*Blogs: or "Web logs" (that's the full term, dating from 1997). People starting keeping online diaries on the old USENET discussion forums of the 1980s, but blogging didn't take off until 1998 when the Open Diary website was launched.
*Cellphones: Portable telephony actually dates from the early 20th century, but it wasn't until 1989 when Motorola manufactured the MicroTAC 9800X that consumers could buy a truly portable phone (that didn't require a car engine to power it).
*GPS Navigation Units: These devices became available in 2000 when President Bill Clinton signed a bill that ordered the military to stop scrambling satellite signals so that mass-market units could use the signals.
*Once Upon a Child: This archetypal children's clothing resale chain was founded in 1984 in Columbus; there are now more than 240 stores throughout North America.
*Online Banking: The concept started in New York City in 1981 as a "videotex" system, but it took until 1994 when a truly workable and secure system was launched by the Stanford Federal Credit Union.
*Snugli Baby Carriers: Snuglis were invented in 1968 by Ann Moore, who served as a Peace Corps nurse in West Africa; the business was sold to Gerry Baby Products in 1985 after these baby slings became part of mainstream parenting.
*Starbucks: The company started in Seattle in 1971, opened its first non-Seattle stores in 1987, had 55 stores total in 1989, opened its first drive-thru in 1994 and now parents can visit 19,767 stores throughout the world for their caffeine courage.
1989: 1.7 million books
Today: 1.9 million books, videos, music plus more than 100,000 e-books
1989: 5.9 million
Today: 15 million
Getting Work Done
1989: The library had coin-operated typewriters for customers to use.
Today: The library has free computers for customers to use.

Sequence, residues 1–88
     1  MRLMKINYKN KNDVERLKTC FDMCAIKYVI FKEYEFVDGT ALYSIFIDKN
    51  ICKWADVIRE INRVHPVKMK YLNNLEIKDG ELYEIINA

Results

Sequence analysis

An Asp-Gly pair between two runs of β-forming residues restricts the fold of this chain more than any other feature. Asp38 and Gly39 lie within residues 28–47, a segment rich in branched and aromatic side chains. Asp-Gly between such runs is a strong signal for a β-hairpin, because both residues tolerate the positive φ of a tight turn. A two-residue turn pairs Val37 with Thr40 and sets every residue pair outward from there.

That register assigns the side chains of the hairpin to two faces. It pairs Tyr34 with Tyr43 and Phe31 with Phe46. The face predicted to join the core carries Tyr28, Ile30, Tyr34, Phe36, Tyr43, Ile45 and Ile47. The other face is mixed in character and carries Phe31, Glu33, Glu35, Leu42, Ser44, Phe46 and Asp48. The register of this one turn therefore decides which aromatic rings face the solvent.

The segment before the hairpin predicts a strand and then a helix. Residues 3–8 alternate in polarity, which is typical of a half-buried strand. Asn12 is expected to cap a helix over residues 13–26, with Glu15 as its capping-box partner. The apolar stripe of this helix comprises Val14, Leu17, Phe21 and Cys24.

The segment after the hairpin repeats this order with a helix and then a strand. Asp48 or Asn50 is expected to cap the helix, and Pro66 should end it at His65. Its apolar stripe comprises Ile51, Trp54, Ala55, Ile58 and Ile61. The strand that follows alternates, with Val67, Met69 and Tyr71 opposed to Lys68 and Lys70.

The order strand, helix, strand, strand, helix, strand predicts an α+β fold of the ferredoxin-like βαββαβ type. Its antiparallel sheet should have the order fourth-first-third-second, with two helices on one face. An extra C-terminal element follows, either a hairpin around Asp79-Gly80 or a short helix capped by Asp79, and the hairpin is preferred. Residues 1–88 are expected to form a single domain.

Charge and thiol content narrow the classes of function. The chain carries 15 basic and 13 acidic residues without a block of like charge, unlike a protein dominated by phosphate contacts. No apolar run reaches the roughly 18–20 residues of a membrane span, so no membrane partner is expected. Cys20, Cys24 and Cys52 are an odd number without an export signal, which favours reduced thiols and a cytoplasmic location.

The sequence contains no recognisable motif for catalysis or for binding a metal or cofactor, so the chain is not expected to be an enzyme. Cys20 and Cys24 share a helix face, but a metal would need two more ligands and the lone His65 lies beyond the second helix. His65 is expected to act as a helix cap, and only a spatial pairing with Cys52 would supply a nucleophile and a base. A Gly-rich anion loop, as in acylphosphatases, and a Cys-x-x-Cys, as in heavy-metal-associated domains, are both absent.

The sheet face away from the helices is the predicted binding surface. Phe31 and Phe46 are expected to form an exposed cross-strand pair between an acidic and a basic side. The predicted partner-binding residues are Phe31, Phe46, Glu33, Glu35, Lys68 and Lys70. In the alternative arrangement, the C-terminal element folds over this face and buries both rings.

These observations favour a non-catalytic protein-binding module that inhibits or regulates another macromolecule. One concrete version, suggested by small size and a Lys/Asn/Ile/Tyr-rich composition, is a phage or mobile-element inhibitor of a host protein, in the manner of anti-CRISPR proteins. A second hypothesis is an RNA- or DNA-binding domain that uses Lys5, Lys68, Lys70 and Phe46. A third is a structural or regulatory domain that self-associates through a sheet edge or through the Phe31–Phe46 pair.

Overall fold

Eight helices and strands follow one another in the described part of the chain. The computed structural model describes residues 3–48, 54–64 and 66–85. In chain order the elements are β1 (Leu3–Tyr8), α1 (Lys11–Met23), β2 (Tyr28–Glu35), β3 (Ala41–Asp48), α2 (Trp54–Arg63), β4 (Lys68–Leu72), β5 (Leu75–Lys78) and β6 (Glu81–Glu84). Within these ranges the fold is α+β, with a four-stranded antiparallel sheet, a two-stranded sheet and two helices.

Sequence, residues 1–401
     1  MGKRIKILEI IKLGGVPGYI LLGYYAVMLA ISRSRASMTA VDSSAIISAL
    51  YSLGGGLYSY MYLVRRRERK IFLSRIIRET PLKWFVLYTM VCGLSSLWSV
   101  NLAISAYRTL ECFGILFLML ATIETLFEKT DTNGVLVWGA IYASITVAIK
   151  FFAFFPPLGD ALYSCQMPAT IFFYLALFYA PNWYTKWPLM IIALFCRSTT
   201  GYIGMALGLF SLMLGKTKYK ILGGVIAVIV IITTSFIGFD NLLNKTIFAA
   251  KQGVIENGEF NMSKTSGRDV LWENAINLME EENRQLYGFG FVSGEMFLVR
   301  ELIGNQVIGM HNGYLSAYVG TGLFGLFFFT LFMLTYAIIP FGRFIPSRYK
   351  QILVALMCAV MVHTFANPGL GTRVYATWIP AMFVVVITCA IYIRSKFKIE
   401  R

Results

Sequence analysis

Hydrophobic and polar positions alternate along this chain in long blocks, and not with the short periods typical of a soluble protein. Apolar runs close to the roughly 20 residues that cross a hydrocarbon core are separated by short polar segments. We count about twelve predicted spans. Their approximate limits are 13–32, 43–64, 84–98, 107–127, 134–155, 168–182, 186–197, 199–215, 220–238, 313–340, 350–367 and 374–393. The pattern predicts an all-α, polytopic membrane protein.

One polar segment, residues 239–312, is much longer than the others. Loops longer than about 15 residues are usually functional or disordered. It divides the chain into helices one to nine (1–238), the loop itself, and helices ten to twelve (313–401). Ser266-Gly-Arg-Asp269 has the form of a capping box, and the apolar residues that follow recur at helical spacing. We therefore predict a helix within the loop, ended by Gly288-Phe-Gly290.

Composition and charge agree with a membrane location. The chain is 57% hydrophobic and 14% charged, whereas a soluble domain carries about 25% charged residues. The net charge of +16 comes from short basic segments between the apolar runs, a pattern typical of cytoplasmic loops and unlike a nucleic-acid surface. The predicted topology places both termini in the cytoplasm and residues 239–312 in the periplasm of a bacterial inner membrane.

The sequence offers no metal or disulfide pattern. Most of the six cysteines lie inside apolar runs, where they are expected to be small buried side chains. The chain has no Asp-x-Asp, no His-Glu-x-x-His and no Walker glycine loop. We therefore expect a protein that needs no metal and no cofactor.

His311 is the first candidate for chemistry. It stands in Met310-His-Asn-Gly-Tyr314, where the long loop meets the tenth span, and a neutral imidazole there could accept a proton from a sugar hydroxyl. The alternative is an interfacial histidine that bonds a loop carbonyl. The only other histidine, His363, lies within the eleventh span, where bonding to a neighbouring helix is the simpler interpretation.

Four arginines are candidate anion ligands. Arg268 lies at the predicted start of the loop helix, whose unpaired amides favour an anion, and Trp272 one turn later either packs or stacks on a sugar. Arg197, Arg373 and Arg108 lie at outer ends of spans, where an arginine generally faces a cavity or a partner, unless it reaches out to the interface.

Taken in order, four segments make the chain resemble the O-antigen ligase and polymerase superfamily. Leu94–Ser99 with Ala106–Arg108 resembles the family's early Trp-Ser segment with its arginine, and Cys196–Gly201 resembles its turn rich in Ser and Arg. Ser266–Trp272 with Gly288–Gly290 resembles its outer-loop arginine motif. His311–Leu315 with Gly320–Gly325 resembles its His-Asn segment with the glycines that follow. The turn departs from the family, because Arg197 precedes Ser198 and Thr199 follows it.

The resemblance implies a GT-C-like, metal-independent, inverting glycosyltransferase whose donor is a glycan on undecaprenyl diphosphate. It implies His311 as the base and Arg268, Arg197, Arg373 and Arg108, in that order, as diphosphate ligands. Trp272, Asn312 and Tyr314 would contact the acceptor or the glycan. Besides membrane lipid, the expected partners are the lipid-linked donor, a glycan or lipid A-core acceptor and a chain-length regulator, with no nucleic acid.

Homework Help Centers
1989: Columbus Zoo
Today: Columbus Zoo and Aquarium ("and Aquarium" was added in 1999)
Today: 1.99 million
1989: 140 acres
Today: 580 acres
1989: The "Wildlight Wonderland" attracted 45,649 visitors.
Today: Renamed Wildlights in 2000, the exhibit attracted 314,213 visitors in 2013.
Most Popular Exhibits
1989:Summer Experience Day Camp; ZooKids preschool; Paw Prints Park and the Children's Zoo Barn; and Colo the gorilla (who celebrated her 33rd birthday).
Today: Animal Encounters Village; Stingray Bay;Colo (now 58 years old) and all the gorillas; polar bears and brown bears; kangaroo walkabout; lorikeet feeding; Manatee Coast; and, just opened, the Heart of Africa exhibit
Most Popular Exhibits
1989: The Coal Mine; Rat Basketball; Foucault Pendulum; Robot and Beyond: The Age of Intelligent Machines and Special Effects: The Science of Movie and Television Magic exhibits
Today: The high-wire unicycle; Foucault Pendulum; electrostatic generator; Energy Explorers; Gadgets stage show; Little Kidspace; The International Exhibition of Sherlock Holmes
1989: Columbus Children's Hospital
Today: Nationwide Children's Hospital (changed in 2007)
1989: Approximately 3,000
Number of Beds
1992 (earliest data available): 285,079